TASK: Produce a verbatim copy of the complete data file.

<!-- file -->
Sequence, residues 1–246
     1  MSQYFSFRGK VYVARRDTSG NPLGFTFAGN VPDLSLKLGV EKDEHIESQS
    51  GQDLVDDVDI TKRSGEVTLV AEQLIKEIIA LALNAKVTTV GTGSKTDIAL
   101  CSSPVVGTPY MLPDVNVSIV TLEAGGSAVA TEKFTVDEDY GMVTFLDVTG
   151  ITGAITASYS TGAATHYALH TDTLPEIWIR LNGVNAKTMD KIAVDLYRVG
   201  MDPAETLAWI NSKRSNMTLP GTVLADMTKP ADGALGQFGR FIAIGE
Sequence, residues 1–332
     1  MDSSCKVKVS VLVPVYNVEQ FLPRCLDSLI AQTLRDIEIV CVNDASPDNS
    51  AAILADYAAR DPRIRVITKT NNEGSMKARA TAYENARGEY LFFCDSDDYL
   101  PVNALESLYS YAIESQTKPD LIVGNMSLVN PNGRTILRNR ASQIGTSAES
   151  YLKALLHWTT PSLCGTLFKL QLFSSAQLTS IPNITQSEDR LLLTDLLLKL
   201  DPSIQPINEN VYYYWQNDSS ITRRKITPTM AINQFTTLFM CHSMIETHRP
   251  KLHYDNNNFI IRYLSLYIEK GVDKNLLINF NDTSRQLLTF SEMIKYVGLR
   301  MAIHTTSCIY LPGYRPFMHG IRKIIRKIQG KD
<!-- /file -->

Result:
Sequence, residues 1–246
     1  MSQYFSFRGK VYVARRDTSG NPLGFTFAGN VPDLSLKLGV EKDEHIESQS
    51  GQDLVDDVDI TKRSGEVTLV AEQLIKEIIA LALNAKVTTV GTGSKTDIAL
   101  CSSPVVGTPY MLPDVNVSIV TLEAGGSAVA TEKFTVDEDY GMVTFLDVTG
   151  ITGAITASYS TGAATHYALH TDTLPEIWIR LNGVNAKTMD KIAVDLYRVG
   201  MDPAETLAWI NSKRSNMTLP GTVLADMTKP ADGALGQFGR FIAIGE
Sequence, residues 1–332
     1  MDSSCKVKVS VLVPVYNVEQ FLPRCLDSLI AQTLRDIEIV CVNDASPDNS
    51  AAILADYAAR DPRIRVITKT NNEGSMKARA TAYENARGEY LFFCDSDDYL
   101  PVNALESLYS YAIESQTKPD LIVGNMSLVN PNGRTILRNR ASQIGTSAES
   151  YLKALLHWTT PSLCGTLFKL QLFSSAQLTS IPNITQSEDR LLLTDLLLKL
   201  DPSIQPINEN VYYYWQNDSS ITRRKITPTM AINQFTTLFM CHSMIETHRP
   251  KLHYDNNNFI IRYLSLYIEK GVDKNLLINF NDTSRQLLTF SEMIKYVGLR
   301  MAIHTTSCIY LPGYRPFMHG IRKIIRKIQG KD